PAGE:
A bouncy number is any non-negative integer that is neither increasing nor decreasing.
An increasing integer is any integer in which when going from left to right, the current digit is greater than or equal to the previous digit. For example, 1234 and 14779 are both increasing integers. In contrast, a decreasing integer is any integer in which when going from left to right, the current digit is less than or equal to the previous digit. Some examples of decreasing integers are 6432 and 988743.
Unlike an increasing or decreasing integer, a bouncy number’s digits neither increase or decrease. Rather, they “bounce” between increasing and decreasing. An example is 12435 or 1441. Because the digits both increase and decrease from left to right, they are called bouncy numbers.
For clarification, there are no bouncy numbers before 100, and the first bouncy number is 101. The bouncy numbers between 100 and 120 are 101, 102, 103, 104, 105, 106, 107, 108, 109, and 120.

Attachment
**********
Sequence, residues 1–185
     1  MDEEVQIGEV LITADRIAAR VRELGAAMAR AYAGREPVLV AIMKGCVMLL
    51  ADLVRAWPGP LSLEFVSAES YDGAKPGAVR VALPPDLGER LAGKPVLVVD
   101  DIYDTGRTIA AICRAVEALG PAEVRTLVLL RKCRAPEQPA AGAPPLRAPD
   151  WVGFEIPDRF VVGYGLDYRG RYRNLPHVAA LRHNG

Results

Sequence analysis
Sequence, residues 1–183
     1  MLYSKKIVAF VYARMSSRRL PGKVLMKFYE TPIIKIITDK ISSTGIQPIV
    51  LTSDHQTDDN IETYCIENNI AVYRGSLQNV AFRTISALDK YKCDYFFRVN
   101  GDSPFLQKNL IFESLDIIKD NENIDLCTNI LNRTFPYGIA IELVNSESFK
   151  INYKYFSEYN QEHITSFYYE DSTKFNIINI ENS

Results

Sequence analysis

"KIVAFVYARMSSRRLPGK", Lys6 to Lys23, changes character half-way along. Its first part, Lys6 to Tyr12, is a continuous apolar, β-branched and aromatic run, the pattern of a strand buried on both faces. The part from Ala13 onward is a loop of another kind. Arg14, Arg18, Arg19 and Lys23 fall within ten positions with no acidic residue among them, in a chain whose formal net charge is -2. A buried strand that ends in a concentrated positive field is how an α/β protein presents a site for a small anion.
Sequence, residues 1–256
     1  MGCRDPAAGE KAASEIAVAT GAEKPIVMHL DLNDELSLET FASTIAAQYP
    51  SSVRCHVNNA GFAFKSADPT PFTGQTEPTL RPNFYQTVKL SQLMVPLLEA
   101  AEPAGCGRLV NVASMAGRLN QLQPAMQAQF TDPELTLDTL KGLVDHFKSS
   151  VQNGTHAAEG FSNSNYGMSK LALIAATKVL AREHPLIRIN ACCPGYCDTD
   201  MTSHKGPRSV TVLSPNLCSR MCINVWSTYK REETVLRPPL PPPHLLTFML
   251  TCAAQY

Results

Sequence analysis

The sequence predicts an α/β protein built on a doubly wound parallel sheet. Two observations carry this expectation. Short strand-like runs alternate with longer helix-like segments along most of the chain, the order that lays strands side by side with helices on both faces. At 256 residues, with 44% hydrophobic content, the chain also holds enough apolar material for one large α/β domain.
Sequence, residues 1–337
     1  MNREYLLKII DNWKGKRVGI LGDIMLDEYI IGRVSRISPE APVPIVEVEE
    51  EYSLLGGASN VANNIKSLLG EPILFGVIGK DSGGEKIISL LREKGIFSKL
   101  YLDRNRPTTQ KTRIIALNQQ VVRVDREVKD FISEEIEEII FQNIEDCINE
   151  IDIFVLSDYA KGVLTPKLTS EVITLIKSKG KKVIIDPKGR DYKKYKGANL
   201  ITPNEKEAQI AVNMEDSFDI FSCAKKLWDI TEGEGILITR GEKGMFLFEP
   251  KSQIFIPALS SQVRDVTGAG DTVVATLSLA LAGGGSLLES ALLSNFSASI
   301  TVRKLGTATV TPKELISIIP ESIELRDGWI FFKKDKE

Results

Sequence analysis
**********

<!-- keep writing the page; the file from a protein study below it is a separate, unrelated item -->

Python solution:
def is_bouncy(n): return sorted(str(n)) != list(str(n)) and sorted(str(n)) != list(str(n))[::-1] print(is_bouncy(152))
In the solution above, the function returns if the input n
is a bouncy number by checking if it is not increasing or decreasing.
The str
method converts the input n
from an integer to a string.
The sorted
method can convert a string of numbers into a list of the digits in increasing order.
The list
method splits a string into a list.
The [::-1]
reverses a list from ["t", "e", "s", "t"]
into ["t", "s", "e", "t"]
The string is sorted in both increasing and decreasing order. These sorted strings are compared with the original to check if it is bouncy.
RELATED TAGS
CONTRIBUTOR
View all Courses